the seventeenth letter of the Irish alphabet, and in the
Ogham alphabet the third letter in the second or h- group,
IGT Introd. § 4
. Irish name tinne `holly' :
tinne ... .i.
. Note also trían .i. aillinde sin
trian, t, another thing the meaning of that today,'
. ? Corruption of cuillend é sin aniu 'holly today'
Ériu xxxix 149
Frequ. written tt in O. and Mid. Ir. (cf.
KZ xxxvi 202 ff.
The group st is somet. written sd in Mid. and Mod. Ir.
Lenited th is somet. confused with ch :
Études Celt. ii 298.10
IGT Decl. ex. 998
. chreich, chreith, v.l.
. Cf. sethnu later
ZCP xii 287
In O. and Mid. Irish t(t), when initial or preceded by s,
always represents voiceless t. In other positions it may
also represent voiced d. In O. Ir. this value of t is regular
after vowels (cét, mod. céad), optional after consonants.
Thurn. Hdb. § 29
Lenition of t is regularly marked in MSS. of all periods.
The pronunciation of th as h dates (
Thurn. Hdb. § 119
from the 11th century, but according to O'Rahilly,
Hermathena xliv 163 ff.
, from the end of the 13th. Previous
to this we must suppose a dental spirant of the type of Germanic þ. th also occasionally alternates with f (pron. h) :
ZCP vi 24 z
cona fuigsin (thuigsin),
Études Celt. i 274.22
, and Mod. Ir. tathaint (—f—). In the
possessive 2 s. (see it) it is sometimes replaced by h— :
ZCP vi 81.19
t resists or loses lenition :
geminated (see infra).
(b) In the groups st, rt (but frequently —rth— in part., see
Thurn. Hdb. § 714
), lt, cht.
common with d, after final n of a preceding word.
(d) Frequently before initial s- of a closely-following word :
Note also fáitsine `prophecy,'
, in Ml fáissine
fáithsine, q.v. See also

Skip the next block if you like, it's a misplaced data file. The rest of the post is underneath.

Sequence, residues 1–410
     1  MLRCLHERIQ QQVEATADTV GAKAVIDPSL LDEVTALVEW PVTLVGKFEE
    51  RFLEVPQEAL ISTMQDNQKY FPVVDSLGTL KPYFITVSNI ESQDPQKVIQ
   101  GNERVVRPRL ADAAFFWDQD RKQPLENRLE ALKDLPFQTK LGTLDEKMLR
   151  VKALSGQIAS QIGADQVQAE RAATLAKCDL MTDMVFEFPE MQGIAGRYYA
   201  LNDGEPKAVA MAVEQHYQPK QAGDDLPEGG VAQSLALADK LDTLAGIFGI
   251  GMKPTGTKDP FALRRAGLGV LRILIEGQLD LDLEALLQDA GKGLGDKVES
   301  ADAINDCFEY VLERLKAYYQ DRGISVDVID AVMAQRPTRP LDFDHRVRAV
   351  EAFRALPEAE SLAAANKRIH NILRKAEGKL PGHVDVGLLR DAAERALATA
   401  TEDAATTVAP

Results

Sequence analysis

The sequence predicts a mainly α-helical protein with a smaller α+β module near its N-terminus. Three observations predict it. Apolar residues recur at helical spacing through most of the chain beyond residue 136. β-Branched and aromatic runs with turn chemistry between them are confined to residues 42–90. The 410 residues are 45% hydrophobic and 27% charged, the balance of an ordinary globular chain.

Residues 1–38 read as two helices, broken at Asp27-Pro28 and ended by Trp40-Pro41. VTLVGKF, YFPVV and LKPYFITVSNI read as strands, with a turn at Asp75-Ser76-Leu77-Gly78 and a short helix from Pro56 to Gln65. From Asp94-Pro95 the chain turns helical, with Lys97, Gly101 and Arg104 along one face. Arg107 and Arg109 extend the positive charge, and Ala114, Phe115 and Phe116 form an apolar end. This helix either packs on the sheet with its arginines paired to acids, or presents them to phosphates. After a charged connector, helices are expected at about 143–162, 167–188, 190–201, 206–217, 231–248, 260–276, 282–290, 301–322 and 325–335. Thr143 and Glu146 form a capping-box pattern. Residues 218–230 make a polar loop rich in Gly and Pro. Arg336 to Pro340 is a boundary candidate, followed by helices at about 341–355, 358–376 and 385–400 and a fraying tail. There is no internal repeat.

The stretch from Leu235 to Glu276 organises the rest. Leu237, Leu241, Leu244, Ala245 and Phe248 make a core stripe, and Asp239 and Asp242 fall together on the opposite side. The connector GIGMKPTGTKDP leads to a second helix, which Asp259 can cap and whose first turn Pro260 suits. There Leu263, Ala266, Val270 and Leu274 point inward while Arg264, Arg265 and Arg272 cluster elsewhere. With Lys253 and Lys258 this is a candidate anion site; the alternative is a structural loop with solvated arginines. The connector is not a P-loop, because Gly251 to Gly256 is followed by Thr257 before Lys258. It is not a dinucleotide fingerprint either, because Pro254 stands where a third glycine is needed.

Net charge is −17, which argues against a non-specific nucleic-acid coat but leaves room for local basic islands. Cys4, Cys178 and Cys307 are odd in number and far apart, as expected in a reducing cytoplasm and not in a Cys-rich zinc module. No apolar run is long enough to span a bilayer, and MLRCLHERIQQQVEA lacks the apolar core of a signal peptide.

IGT Introd. § 33
a geminated sound results from contact of th and th or dh :
-mitter <*mid-ther, indnite <*ind-nith-the. See
Thurn. Hdb. § 134
ZCP xiii 191.
Nasalisation of t is seldom marked in Old and Middle
Irish, but note occasional spellings like
, and the stereotyped oldaas (taas).
The spelling tt is found occasionally in O. Ir., more frequently in Mid. Ir. In Mod. Ir. nasalisation is marked by a
prefixed d-. Cf. and trí naraid
their three charioteers,
Ériu xi 148
t frequently results from original d in contact with lenited
ṡ: díltud <*
Thurn. Hdb. § 128
<*indṡamail, int ṡúil, int ṡaeguil. This has given rise to the
prefixing of t (where etymologically unjustifiable) as a
sign of lenition :
rochōirigh a tsleg re thaeb,
ZCP xiii 220.1
tainic crich tsaogail,
dar mullach tsleibi Parnars,
. Note also :
IGT Introd. 17.19
. th arises
from dh+h (<ṡ) in miathamla <miad+ṡamail, see
Pedersen Vgl. Gr.
. t <dh after l, n, is found in rélto (gs. of rélad). ingantach (ingnad), etc.,
Pedersen Vgl. Gr. i 417
. Also after voiceless sounds :
(—de), though in such cases etymological
considerations often cause the original d to be restored :
Thurn. Hdb. § 121
. There are
also some cases of th for d due, apparently, to variations in
pronunciation, e.g. búaith (—d),
(do-dona), more usually dídnad. t also represents the
voiced d arising from *nt, *mt in words like cotlud <contuil, cét <*kṃtom etc., and the voiceless t from k+d in
etlae <*ek(s)dāl-, etc.
In loanwords t represents W. t, th, dd (exx.
Pedersen Vgl. Gr. i 23
), Lat. t, tt (
Pedersen Vgl. Gr. i 231
). Also W. t=d (
Pedersen Vgl. Gr. i 24
and intervocalic and final Lat. t in words borrowed through
Pedersen Vgl. Gr. i 232